Amazon just launched its online music locker last night and the topic is already dominating the discussion in the tech world this morning. Did Amazon get a jump on Apple and Google here in launching a service that these two tech giants don’t/can’t yet offer? Or is it really just a copycat product that quite a few other startups are already offering. What about the legalities of the service? Here are some of the most interesting reactions to the launch:

Hands on Reviews

Mashable’s Ben Parr: “Amazon has thrown down the gauntlet and set a high bar for cloud-based music streaming. Apple and Google, which are expected to launch their own cloud players sometime this year, will have to match Amazon on usability and price if they’re going to compete.”

GigaOm’s Kevin C. Tofel is generally positive about the service, likes the design and expects to continue to use the new MP3 streaming service, simply because of the convenience factor” (it’s worth noting that he was already a heavy Amazon MP3 customer).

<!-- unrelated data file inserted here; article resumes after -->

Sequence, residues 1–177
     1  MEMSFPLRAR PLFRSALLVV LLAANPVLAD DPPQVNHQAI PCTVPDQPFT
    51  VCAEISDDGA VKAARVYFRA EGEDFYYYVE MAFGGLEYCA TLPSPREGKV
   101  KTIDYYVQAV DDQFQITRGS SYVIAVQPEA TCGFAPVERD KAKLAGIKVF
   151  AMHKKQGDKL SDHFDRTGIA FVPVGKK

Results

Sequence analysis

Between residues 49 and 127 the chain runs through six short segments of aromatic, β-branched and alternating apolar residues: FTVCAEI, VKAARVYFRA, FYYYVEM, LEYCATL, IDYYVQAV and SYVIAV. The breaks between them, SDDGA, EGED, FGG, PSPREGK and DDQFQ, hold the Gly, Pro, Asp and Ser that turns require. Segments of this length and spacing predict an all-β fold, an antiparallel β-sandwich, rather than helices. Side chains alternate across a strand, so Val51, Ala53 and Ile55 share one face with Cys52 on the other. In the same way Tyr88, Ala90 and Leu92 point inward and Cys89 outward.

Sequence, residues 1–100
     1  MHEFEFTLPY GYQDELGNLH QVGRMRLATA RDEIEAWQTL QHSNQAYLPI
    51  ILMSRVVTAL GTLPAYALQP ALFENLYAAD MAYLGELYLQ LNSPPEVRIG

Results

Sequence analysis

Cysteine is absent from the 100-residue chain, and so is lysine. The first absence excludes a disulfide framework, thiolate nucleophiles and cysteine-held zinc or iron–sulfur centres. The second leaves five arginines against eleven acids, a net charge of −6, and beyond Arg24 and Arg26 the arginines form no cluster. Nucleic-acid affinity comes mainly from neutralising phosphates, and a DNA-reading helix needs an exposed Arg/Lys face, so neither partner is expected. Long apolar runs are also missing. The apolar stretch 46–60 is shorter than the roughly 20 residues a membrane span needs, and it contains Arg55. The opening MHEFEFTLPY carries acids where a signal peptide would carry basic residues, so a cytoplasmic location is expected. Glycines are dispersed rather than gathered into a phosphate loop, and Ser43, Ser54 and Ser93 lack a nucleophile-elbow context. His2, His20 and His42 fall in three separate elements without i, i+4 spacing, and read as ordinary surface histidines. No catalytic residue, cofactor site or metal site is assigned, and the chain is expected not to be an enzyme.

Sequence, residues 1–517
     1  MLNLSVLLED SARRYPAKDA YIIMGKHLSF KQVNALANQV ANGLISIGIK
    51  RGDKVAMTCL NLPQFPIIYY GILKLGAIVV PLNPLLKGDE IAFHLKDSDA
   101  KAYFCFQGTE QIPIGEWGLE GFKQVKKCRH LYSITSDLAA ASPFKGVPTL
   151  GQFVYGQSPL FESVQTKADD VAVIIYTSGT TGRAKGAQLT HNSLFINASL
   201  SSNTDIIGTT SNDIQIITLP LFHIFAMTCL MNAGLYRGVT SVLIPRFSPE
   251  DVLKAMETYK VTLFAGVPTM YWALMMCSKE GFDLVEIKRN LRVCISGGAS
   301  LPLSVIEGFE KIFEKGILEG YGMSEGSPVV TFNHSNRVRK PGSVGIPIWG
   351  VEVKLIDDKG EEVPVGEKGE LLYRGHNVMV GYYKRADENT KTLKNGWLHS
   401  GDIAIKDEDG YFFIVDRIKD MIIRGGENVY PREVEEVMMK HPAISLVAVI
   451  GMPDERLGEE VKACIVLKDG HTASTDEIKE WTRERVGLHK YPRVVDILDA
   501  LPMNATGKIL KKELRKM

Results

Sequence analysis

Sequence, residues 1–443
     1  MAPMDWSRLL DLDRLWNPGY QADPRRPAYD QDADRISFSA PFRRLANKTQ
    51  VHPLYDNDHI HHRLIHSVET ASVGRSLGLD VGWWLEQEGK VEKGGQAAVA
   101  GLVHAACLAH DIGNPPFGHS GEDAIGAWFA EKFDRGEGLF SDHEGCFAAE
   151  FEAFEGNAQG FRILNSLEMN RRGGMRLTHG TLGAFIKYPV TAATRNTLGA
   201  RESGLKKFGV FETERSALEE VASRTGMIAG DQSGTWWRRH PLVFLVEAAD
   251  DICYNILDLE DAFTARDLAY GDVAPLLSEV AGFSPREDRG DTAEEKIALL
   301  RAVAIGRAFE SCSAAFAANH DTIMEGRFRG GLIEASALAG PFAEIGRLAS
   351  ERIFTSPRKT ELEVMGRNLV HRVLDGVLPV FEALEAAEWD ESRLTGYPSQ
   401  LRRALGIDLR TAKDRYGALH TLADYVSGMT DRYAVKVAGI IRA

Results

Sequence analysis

Reactions

MediaMemo’s Peter Kafka is skeptical that this represents a big shift for music fans: Amazon’s Cloud Drive/Cloud Player combo sounds cool, because it has the word ‘Cloud’ in it. It’s quite useful, too. But if you’re a music lover looking for a paradigm shift in the way you consume tunes, this won’t be it.”

ReadWriteWeb’s Sarah Perez, too, is not blown away by the service and argues that it’s not as innovative as some make it out to be: “To be impressed with Amazon’s offering, you have to ignore the numerous startups already serving this space.”

TechCrunch’s MG Siegler wonders if this move will force Apple’s and Google’s hands and make them launch their music locker services sooner: “Amazon has won the race of the big three to deliver a fully cloud-supported music option. Current whispers have Google launching something very similar at their I/O conference in May. And Apple is working on a similar concept as well — but it may not launch until this fall. At least that was the original plan, Amazon’s move may alter things, obviously.

Legal Issues?

The music industry is obviously not too happy about this move. In the Guardian, Amazon’s director of music Craig Pape argues that Amazon doesn’t “need a licence to store music. The functionality is the same as an external hard drive.”

A Sony spokesman, on the other hand, tells the Financial Times that his company is “disappointed that the locker service that Amazon is proposing is unlicensed by Sony Music.